Believed to have originated centuries ago in Russia and today one of the rarest breeds in America, the Bashkir Curly remains a curiosity even in Kentucky, a state renowned worldwide for its fine horses.
Currently, there are only about 750 Bashkir Curlies in the US, and 50 of them are registered in Kentucky. Jim Howard of Owensboro owns 10 of them and has traveled to Missouri, Nevada, and South Dakota in his quest for the animal.
Howard, a lifelong horse lover, wanted to raise Thoroughbreds but had no specific plans to do so until a friend introduced him to the Curly.
“He had seen an advertisement in a horse magazine for Curlies and went out west looking for them,” explains Howard. “When I saw them, I decided to raise them.
“I like them because they’re different; most of them are more gentle and docile than other horses,” he continues. “They remind me of a pet dog. My three-year-old daughter can even pet one of our stallions.” According to Howard, Curlies are also more curious than other horses, closely examining his farm machinery on at least one occasion.
Howard, a native of Kentucky and a supervisor at Alccoa, first started raising Curlies in 1986 and continues to breed them for sale. He also raises Curly Belgian horses.
The animal gets its name from the four-to-six-inch-long curls covering its body, and from the Russian Bashkiri tribe, which cultivated the breed for transportation, clothing, meat, and milk.
In Russia’s Ural Mountains, the horses were kept in herds like cattle. Mares could yield up to six gallons of milk a day, some of which was used to produce cream, butter, cheese, and even an alcoholic drink make with fermented milk. Howard says today the milk is used only for the nourishment of foals.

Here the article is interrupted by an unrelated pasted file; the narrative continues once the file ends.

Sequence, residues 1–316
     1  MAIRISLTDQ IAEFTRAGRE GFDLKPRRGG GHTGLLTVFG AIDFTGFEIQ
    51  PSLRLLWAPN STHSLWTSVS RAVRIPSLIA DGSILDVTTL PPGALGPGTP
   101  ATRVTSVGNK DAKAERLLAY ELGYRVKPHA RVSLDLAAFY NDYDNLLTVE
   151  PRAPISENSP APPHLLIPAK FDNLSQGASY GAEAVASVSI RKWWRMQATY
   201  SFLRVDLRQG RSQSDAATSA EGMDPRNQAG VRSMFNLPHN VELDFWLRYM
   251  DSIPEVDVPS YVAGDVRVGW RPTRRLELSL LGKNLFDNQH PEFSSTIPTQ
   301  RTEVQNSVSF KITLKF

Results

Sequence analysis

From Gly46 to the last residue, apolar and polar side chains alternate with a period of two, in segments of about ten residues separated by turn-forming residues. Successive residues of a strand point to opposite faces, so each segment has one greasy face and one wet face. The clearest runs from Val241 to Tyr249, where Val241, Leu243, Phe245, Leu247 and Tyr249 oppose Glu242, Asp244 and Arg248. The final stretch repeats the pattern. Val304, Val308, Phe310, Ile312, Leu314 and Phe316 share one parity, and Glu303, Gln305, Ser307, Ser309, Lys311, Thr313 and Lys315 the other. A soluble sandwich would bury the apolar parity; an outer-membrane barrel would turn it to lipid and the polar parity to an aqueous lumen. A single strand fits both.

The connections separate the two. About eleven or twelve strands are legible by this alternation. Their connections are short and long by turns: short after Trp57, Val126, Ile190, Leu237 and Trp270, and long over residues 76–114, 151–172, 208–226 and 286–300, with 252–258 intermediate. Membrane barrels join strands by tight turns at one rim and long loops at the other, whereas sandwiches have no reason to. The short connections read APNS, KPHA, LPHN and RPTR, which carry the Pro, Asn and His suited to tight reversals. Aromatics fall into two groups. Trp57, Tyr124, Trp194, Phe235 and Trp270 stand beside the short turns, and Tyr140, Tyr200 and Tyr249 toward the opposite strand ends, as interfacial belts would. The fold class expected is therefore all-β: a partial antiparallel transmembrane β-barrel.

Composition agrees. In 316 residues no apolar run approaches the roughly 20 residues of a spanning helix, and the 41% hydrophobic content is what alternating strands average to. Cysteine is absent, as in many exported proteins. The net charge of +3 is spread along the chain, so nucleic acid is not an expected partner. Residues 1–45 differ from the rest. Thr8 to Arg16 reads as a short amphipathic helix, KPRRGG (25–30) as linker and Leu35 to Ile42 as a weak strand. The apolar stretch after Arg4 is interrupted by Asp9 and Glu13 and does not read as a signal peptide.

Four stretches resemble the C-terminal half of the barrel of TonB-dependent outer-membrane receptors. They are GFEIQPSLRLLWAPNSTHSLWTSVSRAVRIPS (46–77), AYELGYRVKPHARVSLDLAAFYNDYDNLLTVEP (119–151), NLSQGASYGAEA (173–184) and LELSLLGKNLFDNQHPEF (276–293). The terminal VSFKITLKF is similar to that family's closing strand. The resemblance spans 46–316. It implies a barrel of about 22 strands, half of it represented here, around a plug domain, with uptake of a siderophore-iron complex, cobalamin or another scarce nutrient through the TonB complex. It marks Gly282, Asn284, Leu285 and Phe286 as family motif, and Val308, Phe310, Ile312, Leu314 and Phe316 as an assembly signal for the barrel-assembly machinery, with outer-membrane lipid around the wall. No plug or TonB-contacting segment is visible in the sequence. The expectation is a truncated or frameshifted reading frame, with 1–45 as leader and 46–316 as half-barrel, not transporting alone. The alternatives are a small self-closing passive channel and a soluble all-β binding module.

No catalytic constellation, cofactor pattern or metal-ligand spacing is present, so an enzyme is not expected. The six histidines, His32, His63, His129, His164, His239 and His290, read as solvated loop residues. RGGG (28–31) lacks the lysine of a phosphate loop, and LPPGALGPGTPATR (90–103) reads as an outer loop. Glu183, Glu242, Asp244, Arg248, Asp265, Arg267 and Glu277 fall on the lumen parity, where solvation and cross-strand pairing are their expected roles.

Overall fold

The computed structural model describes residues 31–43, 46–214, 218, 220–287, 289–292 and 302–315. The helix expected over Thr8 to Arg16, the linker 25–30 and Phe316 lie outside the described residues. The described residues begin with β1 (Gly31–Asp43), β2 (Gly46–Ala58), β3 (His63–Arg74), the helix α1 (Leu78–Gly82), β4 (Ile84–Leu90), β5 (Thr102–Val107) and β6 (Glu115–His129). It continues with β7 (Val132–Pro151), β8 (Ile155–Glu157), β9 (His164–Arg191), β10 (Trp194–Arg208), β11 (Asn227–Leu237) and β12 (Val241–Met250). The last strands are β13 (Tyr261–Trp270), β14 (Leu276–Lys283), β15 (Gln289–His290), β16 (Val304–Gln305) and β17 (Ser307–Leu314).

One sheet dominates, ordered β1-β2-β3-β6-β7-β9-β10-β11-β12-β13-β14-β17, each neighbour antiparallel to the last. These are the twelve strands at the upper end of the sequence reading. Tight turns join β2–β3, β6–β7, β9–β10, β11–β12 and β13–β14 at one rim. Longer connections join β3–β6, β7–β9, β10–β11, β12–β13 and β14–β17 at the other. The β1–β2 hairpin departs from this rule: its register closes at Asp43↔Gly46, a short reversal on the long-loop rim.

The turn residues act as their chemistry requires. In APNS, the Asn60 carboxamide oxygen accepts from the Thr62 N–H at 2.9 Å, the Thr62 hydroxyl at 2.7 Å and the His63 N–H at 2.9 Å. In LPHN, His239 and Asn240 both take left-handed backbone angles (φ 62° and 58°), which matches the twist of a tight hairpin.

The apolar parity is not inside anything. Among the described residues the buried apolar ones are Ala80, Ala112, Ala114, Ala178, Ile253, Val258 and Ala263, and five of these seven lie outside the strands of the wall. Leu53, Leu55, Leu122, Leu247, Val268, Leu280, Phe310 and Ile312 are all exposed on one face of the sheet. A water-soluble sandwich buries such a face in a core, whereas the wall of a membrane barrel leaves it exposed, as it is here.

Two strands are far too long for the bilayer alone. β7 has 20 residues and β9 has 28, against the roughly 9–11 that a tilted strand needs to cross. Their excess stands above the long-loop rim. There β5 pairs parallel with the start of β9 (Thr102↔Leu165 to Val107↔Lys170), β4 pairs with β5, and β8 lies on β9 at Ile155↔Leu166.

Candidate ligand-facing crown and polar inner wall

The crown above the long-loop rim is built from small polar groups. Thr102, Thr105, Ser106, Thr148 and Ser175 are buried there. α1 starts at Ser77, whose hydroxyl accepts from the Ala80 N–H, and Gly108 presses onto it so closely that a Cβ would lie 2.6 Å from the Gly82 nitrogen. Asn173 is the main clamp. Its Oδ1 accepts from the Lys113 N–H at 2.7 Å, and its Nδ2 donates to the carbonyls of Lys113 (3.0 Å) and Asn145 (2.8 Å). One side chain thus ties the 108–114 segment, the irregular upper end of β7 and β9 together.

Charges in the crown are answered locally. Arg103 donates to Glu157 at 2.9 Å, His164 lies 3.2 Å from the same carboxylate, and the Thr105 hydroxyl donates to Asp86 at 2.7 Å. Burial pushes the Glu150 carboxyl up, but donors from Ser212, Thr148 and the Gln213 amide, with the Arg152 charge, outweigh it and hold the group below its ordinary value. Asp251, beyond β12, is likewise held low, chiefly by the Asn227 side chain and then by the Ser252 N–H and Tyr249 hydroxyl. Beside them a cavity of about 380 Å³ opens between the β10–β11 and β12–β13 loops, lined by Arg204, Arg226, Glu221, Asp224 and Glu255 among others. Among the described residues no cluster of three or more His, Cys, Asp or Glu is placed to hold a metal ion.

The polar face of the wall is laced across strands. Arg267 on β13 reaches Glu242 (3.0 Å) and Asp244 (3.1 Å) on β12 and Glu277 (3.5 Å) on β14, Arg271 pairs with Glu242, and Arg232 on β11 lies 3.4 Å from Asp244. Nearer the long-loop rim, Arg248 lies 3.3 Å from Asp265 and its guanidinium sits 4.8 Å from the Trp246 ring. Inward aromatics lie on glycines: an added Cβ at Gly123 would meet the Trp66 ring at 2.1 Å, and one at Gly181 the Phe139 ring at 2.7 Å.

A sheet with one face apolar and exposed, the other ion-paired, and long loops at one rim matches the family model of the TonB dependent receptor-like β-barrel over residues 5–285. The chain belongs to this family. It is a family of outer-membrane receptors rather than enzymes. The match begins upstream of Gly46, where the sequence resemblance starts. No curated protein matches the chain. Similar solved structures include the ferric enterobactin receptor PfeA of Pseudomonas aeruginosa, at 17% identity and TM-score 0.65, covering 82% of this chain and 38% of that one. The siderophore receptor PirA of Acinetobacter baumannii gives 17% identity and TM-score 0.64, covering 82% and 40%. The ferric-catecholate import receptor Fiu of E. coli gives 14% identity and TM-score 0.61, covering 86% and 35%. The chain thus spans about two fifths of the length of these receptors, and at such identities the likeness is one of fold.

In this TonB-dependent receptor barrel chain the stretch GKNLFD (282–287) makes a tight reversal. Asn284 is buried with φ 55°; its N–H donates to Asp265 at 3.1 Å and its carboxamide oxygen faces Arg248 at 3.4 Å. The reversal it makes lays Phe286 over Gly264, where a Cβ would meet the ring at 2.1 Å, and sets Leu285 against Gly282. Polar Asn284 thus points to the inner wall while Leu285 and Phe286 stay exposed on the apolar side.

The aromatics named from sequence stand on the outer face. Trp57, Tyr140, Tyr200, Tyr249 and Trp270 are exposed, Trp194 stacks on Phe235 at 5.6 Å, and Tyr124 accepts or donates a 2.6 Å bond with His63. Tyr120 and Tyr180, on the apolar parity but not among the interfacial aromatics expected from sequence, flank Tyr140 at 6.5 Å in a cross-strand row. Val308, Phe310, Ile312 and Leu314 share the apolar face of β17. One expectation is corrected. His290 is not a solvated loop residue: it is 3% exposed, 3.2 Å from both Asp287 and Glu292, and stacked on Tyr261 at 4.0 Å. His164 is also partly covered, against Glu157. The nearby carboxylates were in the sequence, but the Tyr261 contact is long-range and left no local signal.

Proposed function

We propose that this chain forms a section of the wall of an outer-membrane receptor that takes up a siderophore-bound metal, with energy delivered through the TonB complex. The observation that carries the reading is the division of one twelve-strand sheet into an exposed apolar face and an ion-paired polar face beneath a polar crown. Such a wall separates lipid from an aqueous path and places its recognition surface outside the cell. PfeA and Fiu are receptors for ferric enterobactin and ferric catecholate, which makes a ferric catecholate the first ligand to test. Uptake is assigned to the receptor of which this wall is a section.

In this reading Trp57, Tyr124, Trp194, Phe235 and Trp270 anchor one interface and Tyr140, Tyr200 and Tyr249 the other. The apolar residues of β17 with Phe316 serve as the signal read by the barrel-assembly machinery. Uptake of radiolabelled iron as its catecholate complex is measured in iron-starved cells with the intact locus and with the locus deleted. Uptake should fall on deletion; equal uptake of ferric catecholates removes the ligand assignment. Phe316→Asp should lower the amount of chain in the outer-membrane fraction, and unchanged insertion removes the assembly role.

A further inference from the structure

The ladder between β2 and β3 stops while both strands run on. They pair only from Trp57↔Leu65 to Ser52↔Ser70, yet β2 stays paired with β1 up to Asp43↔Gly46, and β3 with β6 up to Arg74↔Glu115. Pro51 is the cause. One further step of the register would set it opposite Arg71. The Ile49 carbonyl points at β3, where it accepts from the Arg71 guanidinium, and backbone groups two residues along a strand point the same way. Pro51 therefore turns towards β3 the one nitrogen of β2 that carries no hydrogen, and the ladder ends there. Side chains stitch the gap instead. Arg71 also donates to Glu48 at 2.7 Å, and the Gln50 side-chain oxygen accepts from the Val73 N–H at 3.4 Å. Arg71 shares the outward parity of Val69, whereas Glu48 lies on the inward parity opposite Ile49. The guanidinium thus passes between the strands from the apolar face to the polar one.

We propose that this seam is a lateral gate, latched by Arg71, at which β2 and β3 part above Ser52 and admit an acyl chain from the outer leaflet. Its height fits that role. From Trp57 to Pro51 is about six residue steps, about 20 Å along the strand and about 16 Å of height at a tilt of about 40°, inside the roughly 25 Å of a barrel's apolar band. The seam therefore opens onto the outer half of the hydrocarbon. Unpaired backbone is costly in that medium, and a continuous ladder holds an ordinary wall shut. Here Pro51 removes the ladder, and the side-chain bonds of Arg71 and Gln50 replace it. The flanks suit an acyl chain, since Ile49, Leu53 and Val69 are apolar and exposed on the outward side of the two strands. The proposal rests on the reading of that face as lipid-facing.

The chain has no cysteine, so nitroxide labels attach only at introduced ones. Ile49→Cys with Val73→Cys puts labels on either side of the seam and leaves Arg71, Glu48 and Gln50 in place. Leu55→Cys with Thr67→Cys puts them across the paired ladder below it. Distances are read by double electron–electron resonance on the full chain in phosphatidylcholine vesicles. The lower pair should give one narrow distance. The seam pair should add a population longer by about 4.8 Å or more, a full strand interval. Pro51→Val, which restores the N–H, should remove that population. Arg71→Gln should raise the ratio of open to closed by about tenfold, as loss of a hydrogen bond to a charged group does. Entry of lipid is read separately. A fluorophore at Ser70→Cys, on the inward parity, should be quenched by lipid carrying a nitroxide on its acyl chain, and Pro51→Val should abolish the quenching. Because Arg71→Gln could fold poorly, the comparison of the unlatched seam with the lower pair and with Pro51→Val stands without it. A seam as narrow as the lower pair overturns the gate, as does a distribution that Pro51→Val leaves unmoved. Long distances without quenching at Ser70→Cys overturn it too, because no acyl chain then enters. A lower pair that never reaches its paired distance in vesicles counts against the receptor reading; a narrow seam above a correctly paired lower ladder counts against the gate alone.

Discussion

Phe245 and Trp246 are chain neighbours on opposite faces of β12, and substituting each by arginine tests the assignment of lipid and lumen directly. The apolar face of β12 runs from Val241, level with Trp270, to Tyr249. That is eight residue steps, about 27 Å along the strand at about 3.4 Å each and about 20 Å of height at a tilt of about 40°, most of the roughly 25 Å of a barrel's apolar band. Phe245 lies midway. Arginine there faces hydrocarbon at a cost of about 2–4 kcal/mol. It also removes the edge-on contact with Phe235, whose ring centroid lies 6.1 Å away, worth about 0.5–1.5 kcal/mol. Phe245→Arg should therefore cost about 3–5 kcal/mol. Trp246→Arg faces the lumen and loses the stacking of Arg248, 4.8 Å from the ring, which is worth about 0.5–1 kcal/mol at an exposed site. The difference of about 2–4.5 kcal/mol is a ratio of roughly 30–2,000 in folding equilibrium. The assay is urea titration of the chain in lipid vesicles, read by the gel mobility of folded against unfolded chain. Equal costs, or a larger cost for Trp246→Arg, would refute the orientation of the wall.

Mongolian nomads, including Genghis Khan, reportedly utilized the horses’ strength and endurance, riding Curlies into battle.
Some people speculate that Curlies crossed the Bering Strait into Alaska and moved down into the continental United States. The first Curlies known of in this country were found on Peter Damele’s Nevada ranch in 1898. The Damele family discovered some of the horses in the wild, and many of today’s American Curlies can be traced to Damele’s animals.
Most of the herd lose their manes, tails, and much of their head-to-hoof curls during the summer. Curls grow back in the winter, but the Curlies’ cottony-soft coats are so thick that sweaters can be woven from the excess hair. Howard sells some fur to a local spinner who turns it into yarn.
In addition to their unusually thick fur, the Bashkir Curly exhibits other characteristics suited to cold environments and functional use. The breed has thick skin, with an extra layer of subcutaneous fat serving as insulation. A flap of skin over small, flat nostrils limits intake of cold air, and the horses’ short ears are also lined with curls. Their eyes are slightly slanted, giving them a wider range of peripheral vision.
Curlies are bred in all colors and usually stand between 13-16hh. An excellent family horse, according to Howard, Curlies are gentle, intelligent, require little care other than bathing and brushing, and are suitable for riding or driving.
A three- or four-year-old Curly that has been broken for riding costs about $2,000.
For more information, contact the Bashkir Curly Registry, Box 453, Ely, Nevada, 89301.
By: J. Holly McCall
Photos: Bonnie Nance
From: Back Home in Kentucky, May/June 1992